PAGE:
When’s the last time you looked another Christian in the eye and said ‘Mate you’re a sinner. I know you have struggles, I know you’re tired but, deep down you’re wicked! That’s your real problem. But Mate - you’re clothed in the righteousness of Christ, carried on His heart before the Father, rejoiced over in the presence of the angels.’ Glen Scrivener. Amen!
Too often we assume that Christians know the gospel. We need to keep being told it. By each other. Too often we preach moralism in church to Christians - which is useless for the Christians, and preaches a false gospel to any visiting non-Christians. If we preached gospel on Sunday from all the scriptures we'd serve one another and be accessible to visitors. I don't mean gospel summaries - I mean the way that the scriptures declare the message of the gospel, in all their resplendent symphony. I don't mean to be reductionist, but more to sound the call of Peter Leithart in his book The Kingdom and The Power (p93)
"The Bible is a complex book.... however hard we try to think biblically, we have been subtly but deeply influenced by modern philosophy and science. Often when we have rejected the explicit conclusions of science, we unconsciously adopt a scientific mind-set. One example of this is our tendency to operate on the modern assumption that all ideas can be defined with infinite, scientific precision... the more you study the Bible, the mode you will find that it cannot be forced into this mold.... Bavinck said that modern (and ancient Greek) thinkers attempted to find the 'essence' of a thing... by subtraction... Scripture, by contrast, describes the essence of a thing by addition. Only when we know the fullness of a thing, all of its attributes, do we really know its uniqueness and 'essence'. God's 'essence' is not some 'bare minimum'...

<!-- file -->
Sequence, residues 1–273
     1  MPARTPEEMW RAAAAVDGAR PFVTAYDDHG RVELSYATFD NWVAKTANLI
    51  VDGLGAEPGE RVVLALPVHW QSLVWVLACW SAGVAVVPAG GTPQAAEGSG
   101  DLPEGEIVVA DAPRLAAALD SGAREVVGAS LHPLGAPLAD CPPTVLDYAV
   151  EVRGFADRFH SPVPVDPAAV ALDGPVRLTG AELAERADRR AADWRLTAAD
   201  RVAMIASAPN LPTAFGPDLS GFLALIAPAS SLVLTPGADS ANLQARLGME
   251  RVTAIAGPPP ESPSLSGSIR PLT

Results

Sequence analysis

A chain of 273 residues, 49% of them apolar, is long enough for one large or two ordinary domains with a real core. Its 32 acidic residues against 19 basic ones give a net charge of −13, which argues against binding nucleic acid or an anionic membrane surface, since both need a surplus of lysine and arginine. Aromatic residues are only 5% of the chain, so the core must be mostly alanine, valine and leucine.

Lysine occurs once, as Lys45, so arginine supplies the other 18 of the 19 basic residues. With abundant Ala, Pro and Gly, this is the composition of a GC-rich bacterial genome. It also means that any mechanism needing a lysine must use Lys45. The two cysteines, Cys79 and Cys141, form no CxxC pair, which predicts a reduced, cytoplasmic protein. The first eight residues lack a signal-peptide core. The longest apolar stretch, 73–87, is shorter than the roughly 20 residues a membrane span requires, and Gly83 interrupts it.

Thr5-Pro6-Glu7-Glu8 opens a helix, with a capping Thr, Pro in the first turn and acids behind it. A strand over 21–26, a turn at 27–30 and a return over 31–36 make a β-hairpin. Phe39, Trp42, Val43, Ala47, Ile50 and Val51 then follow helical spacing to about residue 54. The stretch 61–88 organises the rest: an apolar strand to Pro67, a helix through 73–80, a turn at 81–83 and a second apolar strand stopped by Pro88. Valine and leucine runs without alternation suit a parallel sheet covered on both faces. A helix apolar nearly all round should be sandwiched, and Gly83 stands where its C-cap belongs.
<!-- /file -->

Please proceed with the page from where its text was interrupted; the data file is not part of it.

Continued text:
We need the gospel as Matthew lays it out. And as Mark does. And as Luke does. And as John does. Not to mention the gospel according to Genesis, Exodus, Leviticus, Numbers, Deuteronomy etc. We Christians need this, and so does this world. This must be the song of the church.
ps: Leithart's The Kingdom and The Power and Solomon among Postmoderns are two of the most interesting, well-written and thought provoking books I've read this year. The former on the centrality of the church the later on postmodernism and Ecclesiastes. Something else influenced by Peter Leithart: David, Goliath, St George and the garden of Eden.